Dalai Lama is not a separatist: Archbishop Tutu
South African anti-apartheid icon Archbishop Desmond Tutu said these words to the Chinese while referring to Tibetan spiritual leader and fellow Nobel laureate the Dalai Lama on Friday.india Updated: Feb 10, 2012 18:39 IST
He has no army, he cannot command his people with guns and he's not a separatist.
South African anti-apartheid icon Archbishop Desmond Tutu said these words to the Chinese while referring to Tibetan spiritual leader and fellow Nobel laureate the Dalai Lama here on Friday.
"I want to say to the Chinese government that His Holiness the Dalai Lama is the most peace-loving person on this earth. I want to say to the Chinese government that the Dalai Lama has no army, he cannot command his people with guns, he's not a separatist," Tutu said at a public ceremony organised by the Tibetan government-in-exile on his visit.
Seeking more autonomy for the people of Tibet, Tutu said: "Please, you leaders in Beijing, we beg you, allow Tibet to be what the constitution of the People's Republic of China commits. The constitution allows for autonomy and that is all His Holiness the Dalai Lama and his people want."
"We beg you and at the same time remind you too that this is a moral universe. There is no way in which injustice, oppression and evil can ever have the last word," the former archbishop said in his message to the Chinese leadership.
To the Tibetan people, he said: "We will visit you in Tibet. We will enter a free Tibet."
Long-time friend of the Dalai Lama, Tutu came to Dharamsala to meet him.
Expressing a gesture of friendship, the elderly Buddhist monk specially visited the Gaggal airport, 15 km from his official palace at McLeodganj, to receive Tutu in the morning.
"I welcome a great person today. He is a great and world-renowned personality," the Dalai Lama said in his welcome address.
"He's a person who strongly advocates the importance of love, compassion and equality. Even in his own country South Africa, he along with Nelson Mandela has worked wholeheartedly through non-violence for equal rights and genuine democracy," he said.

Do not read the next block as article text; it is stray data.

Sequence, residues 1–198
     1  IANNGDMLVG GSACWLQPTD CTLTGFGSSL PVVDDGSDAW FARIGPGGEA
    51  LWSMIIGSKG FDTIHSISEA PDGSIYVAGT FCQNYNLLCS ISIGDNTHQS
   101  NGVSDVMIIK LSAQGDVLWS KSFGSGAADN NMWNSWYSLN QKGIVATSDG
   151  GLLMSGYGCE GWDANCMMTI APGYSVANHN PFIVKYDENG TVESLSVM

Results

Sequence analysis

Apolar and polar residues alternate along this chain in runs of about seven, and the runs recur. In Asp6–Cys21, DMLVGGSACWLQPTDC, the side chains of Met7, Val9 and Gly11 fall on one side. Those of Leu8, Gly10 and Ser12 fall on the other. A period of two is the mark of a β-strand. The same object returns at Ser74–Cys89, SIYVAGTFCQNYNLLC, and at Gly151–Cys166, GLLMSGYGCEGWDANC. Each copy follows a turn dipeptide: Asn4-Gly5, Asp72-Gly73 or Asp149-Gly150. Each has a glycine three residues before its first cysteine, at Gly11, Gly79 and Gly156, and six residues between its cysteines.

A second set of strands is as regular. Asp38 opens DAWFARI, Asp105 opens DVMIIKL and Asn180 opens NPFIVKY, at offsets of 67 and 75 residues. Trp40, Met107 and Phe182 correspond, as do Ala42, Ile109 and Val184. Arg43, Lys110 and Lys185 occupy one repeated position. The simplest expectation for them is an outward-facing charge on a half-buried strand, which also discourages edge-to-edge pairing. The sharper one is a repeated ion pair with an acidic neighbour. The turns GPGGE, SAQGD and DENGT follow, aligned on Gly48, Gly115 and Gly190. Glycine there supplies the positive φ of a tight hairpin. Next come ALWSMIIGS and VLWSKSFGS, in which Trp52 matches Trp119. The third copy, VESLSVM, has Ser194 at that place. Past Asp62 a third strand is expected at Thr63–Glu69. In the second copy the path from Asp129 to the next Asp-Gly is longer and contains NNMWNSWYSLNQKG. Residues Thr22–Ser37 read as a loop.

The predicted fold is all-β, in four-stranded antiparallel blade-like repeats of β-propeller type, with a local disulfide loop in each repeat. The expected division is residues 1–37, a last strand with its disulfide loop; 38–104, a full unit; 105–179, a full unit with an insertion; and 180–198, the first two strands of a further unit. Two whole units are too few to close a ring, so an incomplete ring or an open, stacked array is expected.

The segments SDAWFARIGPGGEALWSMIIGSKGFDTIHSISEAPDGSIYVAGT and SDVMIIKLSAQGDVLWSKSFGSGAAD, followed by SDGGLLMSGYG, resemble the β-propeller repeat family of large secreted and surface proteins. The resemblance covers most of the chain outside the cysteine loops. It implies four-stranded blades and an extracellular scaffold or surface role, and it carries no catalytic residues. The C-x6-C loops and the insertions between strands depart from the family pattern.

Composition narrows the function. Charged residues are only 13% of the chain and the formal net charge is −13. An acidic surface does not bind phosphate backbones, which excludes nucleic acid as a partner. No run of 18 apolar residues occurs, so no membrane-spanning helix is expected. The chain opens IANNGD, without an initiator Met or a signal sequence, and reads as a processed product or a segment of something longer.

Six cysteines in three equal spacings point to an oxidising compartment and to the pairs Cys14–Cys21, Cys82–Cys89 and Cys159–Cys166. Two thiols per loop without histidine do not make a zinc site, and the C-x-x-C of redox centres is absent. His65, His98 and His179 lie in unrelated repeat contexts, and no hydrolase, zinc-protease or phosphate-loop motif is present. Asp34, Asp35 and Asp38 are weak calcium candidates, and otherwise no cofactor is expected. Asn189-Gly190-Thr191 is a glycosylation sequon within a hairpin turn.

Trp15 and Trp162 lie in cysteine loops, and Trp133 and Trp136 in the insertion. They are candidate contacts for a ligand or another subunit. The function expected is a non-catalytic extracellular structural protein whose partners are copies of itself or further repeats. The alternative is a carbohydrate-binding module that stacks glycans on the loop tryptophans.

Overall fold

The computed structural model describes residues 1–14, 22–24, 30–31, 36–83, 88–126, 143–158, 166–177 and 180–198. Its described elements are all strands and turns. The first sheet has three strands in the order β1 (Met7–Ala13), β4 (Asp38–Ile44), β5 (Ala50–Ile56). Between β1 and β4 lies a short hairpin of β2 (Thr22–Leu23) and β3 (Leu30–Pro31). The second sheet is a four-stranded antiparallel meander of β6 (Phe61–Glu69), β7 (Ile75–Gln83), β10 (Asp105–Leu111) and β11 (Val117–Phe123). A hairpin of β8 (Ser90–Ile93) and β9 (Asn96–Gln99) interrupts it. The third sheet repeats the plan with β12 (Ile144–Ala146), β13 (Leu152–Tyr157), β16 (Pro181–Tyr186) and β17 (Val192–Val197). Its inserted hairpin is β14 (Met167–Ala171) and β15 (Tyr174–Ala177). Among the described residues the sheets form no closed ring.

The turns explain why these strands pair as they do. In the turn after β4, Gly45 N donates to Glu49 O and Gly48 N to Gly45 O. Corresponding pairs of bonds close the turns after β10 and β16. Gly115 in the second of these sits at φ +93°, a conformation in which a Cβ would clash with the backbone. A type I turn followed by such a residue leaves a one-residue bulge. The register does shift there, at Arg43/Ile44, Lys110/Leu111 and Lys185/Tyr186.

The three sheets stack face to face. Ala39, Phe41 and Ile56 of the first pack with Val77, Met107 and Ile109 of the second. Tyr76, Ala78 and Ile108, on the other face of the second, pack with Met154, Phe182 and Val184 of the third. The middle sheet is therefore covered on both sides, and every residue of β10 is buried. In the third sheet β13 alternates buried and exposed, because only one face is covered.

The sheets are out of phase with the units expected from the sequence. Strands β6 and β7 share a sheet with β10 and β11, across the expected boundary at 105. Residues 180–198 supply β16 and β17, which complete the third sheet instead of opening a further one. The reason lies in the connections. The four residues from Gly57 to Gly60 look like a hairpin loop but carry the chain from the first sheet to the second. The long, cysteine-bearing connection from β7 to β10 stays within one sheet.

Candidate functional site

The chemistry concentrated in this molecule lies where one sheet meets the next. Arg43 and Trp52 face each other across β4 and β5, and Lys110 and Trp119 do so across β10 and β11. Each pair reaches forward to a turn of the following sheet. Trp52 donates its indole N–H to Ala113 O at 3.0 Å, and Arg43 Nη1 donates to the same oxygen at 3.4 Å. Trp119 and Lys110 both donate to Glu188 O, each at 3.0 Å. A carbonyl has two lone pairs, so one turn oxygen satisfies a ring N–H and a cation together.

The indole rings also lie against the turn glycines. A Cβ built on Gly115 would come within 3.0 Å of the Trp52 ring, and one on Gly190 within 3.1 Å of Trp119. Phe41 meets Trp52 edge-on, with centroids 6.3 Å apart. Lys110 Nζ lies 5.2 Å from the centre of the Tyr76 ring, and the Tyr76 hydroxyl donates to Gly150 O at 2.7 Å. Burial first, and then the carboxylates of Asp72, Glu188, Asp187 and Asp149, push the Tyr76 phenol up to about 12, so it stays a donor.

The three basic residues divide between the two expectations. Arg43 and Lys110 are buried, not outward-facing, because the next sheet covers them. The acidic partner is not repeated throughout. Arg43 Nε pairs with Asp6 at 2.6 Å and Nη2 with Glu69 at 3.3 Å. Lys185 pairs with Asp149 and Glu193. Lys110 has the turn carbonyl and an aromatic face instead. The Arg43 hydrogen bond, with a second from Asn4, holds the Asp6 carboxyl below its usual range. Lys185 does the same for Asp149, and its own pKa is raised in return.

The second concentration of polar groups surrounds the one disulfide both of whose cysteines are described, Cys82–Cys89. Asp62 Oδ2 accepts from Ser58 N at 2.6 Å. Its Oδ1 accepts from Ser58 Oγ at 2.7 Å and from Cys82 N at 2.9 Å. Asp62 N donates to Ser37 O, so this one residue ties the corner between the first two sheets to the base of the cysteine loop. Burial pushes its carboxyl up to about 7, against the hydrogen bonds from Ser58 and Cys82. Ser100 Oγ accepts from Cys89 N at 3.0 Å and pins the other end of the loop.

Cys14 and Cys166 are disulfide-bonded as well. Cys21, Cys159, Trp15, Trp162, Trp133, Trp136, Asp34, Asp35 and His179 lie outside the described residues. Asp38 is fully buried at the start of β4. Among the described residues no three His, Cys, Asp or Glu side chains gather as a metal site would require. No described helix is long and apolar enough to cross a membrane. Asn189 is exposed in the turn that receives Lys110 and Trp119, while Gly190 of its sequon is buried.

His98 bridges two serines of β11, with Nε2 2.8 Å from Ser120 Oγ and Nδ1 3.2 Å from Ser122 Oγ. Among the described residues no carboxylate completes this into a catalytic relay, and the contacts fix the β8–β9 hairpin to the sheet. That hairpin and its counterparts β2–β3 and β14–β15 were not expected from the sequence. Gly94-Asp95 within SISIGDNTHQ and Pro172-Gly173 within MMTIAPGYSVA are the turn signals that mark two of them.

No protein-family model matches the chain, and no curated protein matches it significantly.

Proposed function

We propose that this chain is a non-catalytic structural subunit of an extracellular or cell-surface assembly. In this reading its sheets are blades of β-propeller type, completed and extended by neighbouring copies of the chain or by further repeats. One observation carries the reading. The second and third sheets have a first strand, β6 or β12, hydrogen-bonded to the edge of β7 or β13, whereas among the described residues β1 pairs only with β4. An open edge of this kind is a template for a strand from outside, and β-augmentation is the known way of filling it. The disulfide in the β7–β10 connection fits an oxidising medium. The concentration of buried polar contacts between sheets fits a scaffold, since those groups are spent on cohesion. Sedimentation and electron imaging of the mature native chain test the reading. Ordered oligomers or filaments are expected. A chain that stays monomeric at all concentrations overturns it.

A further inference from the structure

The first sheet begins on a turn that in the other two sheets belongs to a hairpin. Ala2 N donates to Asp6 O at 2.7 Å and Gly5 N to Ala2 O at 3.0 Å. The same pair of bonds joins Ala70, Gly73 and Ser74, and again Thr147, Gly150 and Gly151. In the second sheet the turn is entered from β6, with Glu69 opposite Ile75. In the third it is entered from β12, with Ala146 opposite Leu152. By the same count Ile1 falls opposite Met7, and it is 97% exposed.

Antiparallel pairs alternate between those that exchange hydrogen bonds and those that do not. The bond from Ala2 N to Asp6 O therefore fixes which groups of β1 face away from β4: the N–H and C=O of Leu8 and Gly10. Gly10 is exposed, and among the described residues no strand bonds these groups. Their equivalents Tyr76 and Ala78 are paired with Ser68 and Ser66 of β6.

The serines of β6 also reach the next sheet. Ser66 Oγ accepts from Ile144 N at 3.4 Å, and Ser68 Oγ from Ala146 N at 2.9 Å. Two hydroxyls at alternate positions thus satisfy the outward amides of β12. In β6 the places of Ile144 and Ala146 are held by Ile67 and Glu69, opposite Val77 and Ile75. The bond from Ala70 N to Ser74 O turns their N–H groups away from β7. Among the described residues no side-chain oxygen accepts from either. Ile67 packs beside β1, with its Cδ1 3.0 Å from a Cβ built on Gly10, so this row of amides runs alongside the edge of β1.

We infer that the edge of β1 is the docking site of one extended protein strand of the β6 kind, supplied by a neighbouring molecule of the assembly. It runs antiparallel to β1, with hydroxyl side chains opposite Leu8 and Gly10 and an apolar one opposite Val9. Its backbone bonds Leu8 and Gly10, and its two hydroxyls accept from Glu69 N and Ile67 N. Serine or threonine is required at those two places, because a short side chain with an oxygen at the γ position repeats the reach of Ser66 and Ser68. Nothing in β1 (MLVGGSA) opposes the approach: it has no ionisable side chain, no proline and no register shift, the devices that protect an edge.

"The most important thing is that, even after the victory of democracy and equal rights in his country, uneasy feelings of animosity and ill-will have remained within people. Archbishop Tutu has made special efforts to reconcile the people and do away with the feelings of unease and ill-will towards each other."
The Dalai Lama appealed to his fellow Nobel laureate to pray for the well-being of Tibetans suffering repression in Tibet.
"Tibetans are passing through a difficult period. Our sophisticated and compassionate Tibetan culture is really facing a lot of difficulty," the elderly monk said.
"Another thing is that, he works tirelessly for truth, honesty and equality. He doesn't see any differences. Wherever there is abuse of human rights or people's freedom is being snatched away, be it Burma or Tibet, he is always the first person to speak against it," the Dalai Lama said about Tutu.
In October, the globe-trotting monk had called off his South Africa visit as it was "inconvenient" for the government there to grant him a visa as it had close ties with China.
He was invited by Tutu on the latter's 80th birthday.
The Dalai Lama has lived in exile in India since he fled Tibet during a failed uprising in 1959. He favours "greater autonomy" for Tibetans rather than complete independence.
Chinese leaders have, however, called him a separatist who wants Tibet to secede from China.